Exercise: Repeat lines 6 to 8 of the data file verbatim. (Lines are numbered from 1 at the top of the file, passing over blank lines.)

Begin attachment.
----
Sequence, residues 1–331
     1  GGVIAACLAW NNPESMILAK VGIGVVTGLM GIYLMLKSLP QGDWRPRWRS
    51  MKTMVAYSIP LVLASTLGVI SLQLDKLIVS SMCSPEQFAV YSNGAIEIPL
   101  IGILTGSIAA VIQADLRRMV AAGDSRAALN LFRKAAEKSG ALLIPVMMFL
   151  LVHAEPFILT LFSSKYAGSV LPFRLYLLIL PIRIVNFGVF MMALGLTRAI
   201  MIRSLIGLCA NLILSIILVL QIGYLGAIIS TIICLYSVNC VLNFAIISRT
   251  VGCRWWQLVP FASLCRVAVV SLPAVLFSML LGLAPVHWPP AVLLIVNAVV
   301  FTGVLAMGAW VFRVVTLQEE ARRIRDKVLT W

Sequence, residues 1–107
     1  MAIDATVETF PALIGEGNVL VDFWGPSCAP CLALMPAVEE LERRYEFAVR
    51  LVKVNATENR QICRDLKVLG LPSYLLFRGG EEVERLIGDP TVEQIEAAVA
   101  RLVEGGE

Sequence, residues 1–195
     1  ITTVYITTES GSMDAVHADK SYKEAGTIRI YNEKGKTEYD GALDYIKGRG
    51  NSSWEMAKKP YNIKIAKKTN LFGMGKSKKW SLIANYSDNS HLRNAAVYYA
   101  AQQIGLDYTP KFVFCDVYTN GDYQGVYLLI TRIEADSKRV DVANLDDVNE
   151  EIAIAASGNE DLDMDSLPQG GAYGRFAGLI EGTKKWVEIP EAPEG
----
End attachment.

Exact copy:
   201  MIRSLIGLCA NLILSIILVL QIGYLGAIIS TIICLYSVNC VLNFAIISRT
   251  VGCRWWQLVP FASLCRVAVV SLPAVLFSML LGLAPVHWPP AVLLIVNAVV
   301  FTGVLAMGAW VFRVVTLQEE ARRIRDKVLT W